Minneapolis, St. Paul announce plans to help residents, businesses affected by COVID-19

Families and small businesses are feeling the impact of the coronavirus and cities are trying to find ways to help.

Especially if you live or own a business in Minneapolis or St. Paul, more help is on the way.

In addition to the $1,200 checks most Americans will receive as part of the federal economic stimulus package, both Minneapolis and St. Paul are hoping to offer additional financial help to residents and businesses affected by COVID-19.

In St. Paul, the City Council unanimously approved the St. Paul Bridge Fund, which would give families $1,000 in emergency cash for rent or mortgage payments as long as they make less than $40,000 a year for a family of four, have at least one minor child living at home and have lost income because of the coronavirus.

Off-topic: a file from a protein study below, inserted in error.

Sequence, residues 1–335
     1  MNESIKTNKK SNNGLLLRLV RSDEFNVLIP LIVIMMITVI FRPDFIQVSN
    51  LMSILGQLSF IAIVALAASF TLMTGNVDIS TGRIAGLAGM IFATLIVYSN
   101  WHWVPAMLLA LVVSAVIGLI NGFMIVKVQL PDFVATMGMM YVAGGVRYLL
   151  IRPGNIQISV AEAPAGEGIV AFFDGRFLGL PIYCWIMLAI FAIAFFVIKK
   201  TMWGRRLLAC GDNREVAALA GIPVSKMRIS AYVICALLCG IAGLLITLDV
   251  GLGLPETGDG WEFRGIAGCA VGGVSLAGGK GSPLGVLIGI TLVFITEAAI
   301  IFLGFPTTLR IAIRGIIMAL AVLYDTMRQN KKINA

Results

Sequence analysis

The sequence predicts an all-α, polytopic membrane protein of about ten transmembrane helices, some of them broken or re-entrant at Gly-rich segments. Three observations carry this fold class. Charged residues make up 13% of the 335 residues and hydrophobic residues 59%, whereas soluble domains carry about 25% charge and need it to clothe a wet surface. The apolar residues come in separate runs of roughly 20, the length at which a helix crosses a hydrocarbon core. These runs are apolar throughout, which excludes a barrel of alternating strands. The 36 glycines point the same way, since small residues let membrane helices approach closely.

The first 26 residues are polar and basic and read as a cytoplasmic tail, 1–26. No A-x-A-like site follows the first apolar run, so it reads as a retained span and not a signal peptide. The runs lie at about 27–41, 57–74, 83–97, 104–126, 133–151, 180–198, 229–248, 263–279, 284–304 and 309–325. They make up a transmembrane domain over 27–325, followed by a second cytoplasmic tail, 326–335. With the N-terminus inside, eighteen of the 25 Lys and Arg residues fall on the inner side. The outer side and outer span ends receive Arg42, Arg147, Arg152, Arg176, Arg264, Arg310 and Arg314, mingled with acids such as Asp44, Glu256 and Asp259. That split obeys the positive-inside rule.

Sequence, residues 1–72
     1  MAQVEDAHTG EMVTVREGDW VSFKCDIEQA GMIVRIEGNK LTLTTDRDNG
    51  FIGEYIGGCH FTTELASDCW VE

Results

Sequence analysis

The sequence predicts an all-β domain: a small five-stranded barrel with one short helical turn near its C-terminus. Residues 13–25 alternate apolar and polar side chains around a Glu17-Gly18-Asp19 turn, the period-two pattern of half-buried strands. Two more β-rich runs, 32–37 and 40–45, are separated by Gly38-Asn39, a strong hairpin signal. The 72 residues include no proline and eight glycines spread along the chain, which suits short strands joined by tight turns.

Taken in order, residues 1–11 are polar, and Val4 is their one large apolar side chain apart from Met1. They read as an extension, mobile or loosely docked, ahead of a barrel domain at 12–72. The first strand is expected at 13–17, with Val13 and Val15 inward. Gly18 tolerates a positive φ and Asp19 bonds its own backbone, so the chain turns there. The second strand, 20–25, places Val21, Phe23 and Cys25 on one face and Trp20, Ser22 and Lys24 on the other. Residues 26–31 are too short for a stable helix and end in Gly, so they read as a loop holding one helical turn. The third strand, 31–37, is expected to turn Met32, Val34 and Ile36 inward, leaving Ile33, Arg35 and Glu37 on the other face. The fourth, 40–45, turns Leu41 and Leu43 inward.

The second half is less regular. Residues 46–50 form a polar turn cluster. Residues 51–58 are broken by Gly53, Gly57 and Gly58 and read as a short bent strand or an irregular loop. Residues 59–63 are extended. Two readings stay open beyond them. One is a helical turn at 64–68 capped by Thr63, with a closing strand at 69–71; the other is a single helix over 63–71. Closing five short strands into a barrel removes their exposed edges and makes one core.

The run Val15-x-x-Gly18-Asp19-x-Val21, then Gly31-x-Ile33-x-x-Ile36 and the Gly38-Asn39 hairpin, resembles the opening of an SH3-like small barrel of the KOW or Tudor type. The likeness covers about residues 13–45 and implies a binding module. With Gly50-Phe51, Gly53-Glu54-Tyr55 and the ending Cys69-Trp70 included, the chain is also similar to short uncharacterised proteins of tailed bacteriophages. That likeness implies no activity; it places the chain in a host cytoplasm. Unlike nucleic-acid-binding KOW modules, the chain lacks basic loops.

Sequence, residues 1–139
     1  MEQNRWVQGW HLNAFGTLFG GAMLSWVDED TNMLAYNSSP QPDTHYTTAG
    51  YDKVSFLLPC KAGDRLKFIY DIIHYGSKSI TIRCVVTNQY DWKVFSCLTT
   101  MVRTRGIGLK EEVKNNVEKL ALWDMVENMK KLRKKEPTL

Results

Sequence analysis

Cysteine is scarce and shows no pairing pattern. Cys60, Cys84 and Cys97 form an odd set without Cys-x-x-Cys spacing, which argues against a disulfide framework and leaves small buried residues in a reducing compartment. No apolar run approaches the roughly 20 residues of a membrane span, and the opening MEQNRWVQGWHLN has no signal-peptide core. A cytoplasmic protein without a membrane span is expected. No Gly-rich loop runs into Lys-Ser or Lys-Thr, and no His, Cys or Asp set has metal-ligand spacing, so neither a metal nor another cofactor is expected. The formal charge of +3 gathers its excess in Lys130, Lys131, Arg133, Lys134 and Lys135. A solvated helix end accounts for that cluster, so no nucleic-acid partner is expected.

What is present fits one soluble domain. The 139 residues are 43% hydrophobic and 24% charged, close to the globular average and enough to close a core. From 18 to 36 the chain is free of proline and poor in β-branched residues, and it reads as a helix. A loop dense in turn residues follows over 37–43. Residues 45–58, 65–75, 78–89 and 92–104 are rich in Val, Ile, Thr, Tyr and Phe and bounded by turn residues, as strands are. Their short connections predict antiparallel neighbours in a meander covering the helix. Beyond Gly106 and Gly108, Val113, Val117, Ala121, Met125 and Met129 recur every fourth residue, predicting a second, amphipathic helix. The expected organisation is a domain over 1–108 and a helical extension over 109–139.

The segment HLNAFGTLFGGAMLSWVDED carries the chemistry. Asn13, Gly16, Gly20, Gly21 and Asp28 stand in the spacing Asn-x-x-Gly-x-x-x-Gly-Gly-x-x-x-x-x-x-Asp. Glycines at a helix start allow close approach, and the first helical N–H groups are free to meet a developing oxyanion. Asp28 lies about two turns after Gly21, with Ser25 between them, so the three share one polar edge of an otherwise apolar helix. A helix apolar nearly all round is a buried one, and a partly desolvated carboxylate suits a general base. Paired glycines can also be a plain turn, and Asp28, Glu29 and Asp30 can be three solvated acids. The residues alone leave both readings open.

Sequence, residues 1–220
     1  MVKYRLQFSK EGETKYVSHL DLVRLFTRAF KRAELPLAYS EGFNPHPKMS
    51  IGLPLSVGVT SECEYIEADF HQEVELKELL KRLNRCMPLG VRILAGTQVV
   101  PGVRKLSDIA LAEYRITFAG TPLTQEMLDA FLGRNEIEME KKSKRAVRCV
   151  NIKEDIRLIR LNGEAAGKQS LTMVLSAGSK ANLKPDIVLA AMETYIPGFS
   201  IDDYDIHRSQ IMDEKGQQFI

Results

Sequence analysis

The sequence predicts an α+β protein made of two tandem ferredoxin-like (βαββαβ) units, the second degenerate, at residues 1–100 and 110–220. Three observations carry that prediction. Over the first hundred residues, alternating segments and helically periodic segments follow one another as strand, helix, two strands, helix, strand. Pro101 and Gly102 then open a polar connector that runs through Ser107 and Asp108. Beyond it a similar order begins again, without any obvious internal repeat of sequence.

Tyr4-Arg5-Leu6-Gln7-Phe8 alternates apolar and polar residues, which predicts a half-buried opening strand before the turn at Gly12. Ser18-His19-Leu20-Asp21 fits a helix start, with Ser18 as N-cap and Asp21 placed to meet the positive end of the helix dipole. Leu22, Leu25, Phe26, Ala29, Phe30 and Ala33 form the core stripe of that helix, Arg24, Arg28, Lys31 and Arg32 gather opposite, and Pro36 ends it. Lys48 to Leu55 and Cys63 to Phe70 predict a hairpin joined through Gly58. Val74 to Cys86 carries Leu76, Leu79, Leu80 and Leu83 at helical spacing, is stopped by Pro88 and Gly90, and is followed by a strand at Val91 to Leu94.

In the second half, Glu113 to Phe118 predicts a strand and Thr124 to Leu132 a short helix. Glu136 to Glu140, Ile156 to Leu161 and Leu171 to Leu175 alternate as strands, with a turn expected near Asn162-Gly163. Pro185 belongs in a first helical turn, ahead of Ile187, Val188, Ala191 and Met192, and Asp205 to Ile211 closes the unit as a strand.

The fund will also offer $7,500 grants for small businesses that had to close because of the Governor’s stay-at-home order.

The money can be used for immediate business expenses like rent and mortgage payments, employee health benefits and payments to suppliers.

“There is no corner of our city that is untouched by COVID-19, but we know the economic burden of the pandemic will hit some harder than others,” said Mayor Melvin Carter.

Across the river in Minneapolis, Mayor Jacob Frey tweeted out a video announcing his city’s plans to help residents and businesses affected by the pandemic.

Frey says the plan will include emergency rental assistance for families, relief funding for businesses, using assistance programs to help companies facing a state of emergency and looking at zero interest or delayed principal loans to help those hit hardest by the pandemic.

St. Paul approved its plan Wednesday night and hopes to start the application process next Wednesday, while Minneapolis leaders will officially announce their plan Friday.

“There are a lot of options out there and we want to make sure we are being as flexible as possible,” Frey said. “Especially during this crisis.”